McDonnell writes, "Origen both names baptism as the principle and source of the charisms and indicates that he has principally in mind the charisms listed in 1 Corinthians 12."(*8)

However, nothing in Origen's text indicates he champions the cause of specifically prophetic gifts. He argues that rituals carry results--John's baptism effected forgiveness of sins, the healings of Jesus increased faith, and Christian baptism produced the gifts of the Spirit in the community. But he could be talking about faith, charity, and community as much as about tongues and prophecy. In addition Origen admits that the Spirit is not evident in everyone after baptism.(*9)

3. Cyril, Mystagogical Catecheses 2:6: "No, we know full well, that as (baptism) purges our sins, and conveys to us the gift of the Holy Spirit, so also it is the representation of Christ's sufferings."

McDonnell writes, "Cyril uses this biblical shorthand phrase in the MC for the charisms."(*10)

McDonnell appropriates Cyril's expression, "the gift of the Holy Spirit," to mean prophetic charisms and calls it biblical shorthand. However, nothing in the context nor in the history of interpreting Cyril justifies restricting the meaning of this expression to prophetic charisms.

4. Chrysostom, On 1 Corinthians 36: "The present church is like a woman who has fallen from her former prosperous days. In many respects she retains only the symbols of that ancient prosperity. She displays, in fact, the repositories and the caskets of her gold ornaments, but she is, in fact, deprived of her wealth. The present church represents such a woman."

McDonnell writes, "In the apostolic days the charisms were implicit in ecclesial life. . . . Chrysostom laments that the glory of those apostolic days when all was heavenly, is past."(*11)

However, Chrysostom treats the charisms of virginity and widowhood here, not prophetic gifts.

The book goes on. And on and on. But the sources cited do not make the case.

Furthermore, the authors keep silent about the expanse of literature from the same period which describes the initiation rituals. A fair treatment of this theme would acknowledge that ritual texts reveal a complete absence of any indication that neophytes spoke in tongues. Ambrose, Augustine, Theodore of Mopsuestia, Ephrem the Syrian, John the Deacon, the ordines romani, and the Veronese, Gregorian, and Gelasian sacramentaries all provide descriptions of initiation rituals that offer no support to the book's thesis. In their zeal to prove a point, Montague and McDonnell have overstated their case.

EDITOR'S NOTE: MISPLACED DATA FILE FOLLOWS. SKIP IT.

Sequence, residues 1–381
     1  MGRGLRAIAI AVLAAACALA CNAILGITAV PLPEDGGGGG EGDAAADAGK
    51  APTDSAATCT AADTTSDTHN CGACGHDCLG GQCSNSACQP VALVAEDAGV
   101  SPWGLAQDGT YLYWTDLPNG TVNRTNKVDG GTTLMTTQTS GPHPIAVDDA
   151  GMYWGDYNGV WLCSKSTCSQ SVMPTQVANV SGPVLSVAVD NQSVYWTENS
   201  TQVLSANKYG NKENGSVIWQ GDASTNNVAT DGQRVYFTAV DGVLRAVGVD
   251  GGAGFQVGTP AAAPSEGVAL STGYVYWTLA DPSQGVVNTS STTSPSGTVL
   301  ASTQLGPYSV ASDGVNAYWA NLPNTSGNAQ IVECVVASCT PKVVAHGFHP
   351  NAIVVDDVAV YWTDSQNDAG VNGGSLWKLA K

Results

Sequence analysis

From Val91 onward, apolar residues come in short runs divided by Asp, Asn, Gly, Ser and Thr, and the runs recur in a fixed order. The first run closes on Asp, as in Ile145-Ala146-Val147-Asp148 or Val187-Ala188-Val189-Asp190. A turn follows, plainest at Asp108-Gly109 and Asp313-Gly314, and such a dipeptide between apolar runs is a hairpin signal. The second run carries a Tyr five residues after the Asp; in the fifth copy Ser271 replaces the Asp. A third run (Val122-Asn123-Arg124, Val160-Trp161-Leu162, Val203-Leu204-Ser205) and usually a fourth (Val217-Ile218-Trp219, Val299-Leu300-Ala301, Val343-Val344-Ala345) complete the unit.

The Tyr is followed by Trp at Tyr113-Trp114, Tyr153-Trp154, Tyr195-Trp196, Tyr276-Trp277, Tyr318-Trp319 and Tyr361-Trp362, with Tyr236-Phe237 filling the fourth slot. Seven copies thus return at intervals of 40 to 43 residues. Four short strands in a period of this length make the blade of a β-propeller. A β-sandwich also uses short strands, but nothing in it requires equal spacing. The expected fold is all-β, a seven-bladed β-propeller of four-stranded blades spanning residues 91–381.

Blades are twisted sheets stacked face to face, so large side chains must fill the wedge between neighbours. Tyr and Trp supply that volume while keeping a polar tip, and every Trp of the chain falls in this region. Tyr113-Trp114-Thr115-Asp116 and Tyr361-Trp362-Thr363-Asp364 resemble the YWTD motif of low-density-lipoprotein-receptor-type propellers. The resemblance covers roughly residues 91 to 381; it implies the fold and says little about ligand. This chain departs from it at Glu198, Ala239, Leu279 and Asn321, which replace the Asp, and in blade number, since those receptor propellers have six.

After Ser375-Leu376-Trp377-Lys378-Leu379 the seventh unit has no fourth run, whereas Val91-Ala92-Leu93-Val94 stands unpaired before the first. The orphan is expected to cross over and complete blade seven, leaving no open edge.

Finally, the theology of baptism does not demand the presence of prophetic manifestations of the Spirit. Virtually every parish community can bear witness to the abundance of faithful members who have never spoken in tongues.

The evidence supports a more modest conclusion: Communities of the early church experienced the gifts of the Spirit in many ways--some prophetic, some not. It is possible that some baptisms resulted in charismatic manifestations of the Holy Spirit, but we lack clear documentation. Prophetic gifts may serve the community by bolstering its faith and celebrating the presence of God, but they are not necessary, nor should they be expected to accompany every baptism. Preparation for baptism could include information and testimony about external manifestations of the Spirit, but it need not. Its focus remains to facilitate conversion of heart and openness to God.


(*1) Christian Initiation and Baptism in the Holy Spirit: Evidence from the First Eight Centuries, Second, Revised Edition, A Michael Glazier Book, Collegeville (The Liturgical Press, 1994).
(*2) Ibid., pp. 13f.
(*3) Ibid., p. 40.
(*4) Ibid., p. 47.
(*5) Ibid., p. 64.

(*6) McDonnell credits Francis Sullivan and the Sources Chrétiennes translation of this original: "Igitur benedicti quos gratia dei expectat, cum de illo sanctissimo lavacro novi natalis ascenditis et primas manus apud matrem cum fratribus aperitis, petite de patre, petite de domino, peculia gratiae distributiones charismatum subiacere."
(*7) Christian Initiation, p. 113.
(*8) Ibid., p. 143.
(*9) SC 157:258.
(*10) Christian Initiation, p. 222.
(*11) Ibid., p. 288.


This article first appeared in Worship 71/5 (September 1996):446-452.